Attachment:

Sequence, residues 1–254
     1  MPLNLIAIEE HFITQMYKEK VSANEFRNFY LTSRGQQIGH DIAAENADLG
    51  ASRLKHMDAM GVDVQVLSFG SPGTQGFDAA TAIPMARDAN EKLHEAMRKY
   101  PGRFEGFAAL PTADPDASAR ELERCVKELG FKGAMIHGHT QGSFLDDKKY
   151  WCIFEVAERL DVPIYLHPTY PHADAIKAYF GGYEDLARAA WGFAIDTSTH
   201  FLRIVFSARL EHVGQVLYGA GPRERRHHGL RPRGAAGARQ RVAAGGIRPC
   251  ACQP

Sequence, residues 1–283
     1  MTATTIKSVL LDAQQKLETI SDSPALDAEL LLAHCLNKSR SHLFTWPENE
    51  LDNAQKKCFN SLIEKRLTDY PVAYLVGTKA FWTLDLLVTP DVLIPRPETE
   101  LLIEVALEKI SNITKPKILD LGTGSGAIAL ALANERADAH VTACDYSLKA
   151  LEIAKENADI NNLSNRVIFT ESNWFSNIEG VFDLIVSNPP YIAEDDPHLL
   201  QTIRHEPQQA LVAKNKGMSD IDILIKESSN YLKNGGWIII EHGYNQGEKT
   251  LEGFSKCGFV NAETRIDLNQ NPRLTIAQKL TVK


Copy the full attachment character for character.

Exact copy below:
Sequence, residues 1–254
     1  MPLNLIAIEE HFITQMYKEK VSANEFRNFY LTSRGQQIGH DIAAENADLG
    51  ASRLKHMDAM GVDVQVLSFG SPGTQGFDAA TAIPMARDAN EKLHEAMRKY
   101  PGRFEGFAAL PTADPDASAR ELERCVKELG FKGAMIHGHT QGSFLDDKKY
   151  WCIFEVAERL DVPIYLHPTY PHADAIKAYF GGYEDLARAA WGFAIDTSTH
   201  FLRIVFSARL EHVGQVLYGA GPRERRHHGL RPRGAAGARQ RVAAGGIRPC
   251  ACQP

Sequence, residues 1–283
     1  MTATTIKSVL LDAQQKLETI SDSPALDAEL LLAHCLNKSR SHLFTWPENE
    51  LDNAQKKCFN SLIEKRLTDY PVAYLVGTKA FWTLDLLVTP DVLIPRPETE
   101  LLIEVALEKI SNITKPKILD LGTGSGAIAL ALANERADAH VTACDYSLKA
   151  LEIAKENADI NNLSNRVIFT ESNWFSNIEG VFDLIVSNPP YIAEDDPHLL
   201  QTIRHEPQQA LVAKNKGMSD IDILIKESSN YLKNGGWIII EHGYNQGEKT
   251  LEGFSKCGFV NAETRIDLNQ NPRLTIAQKL TVK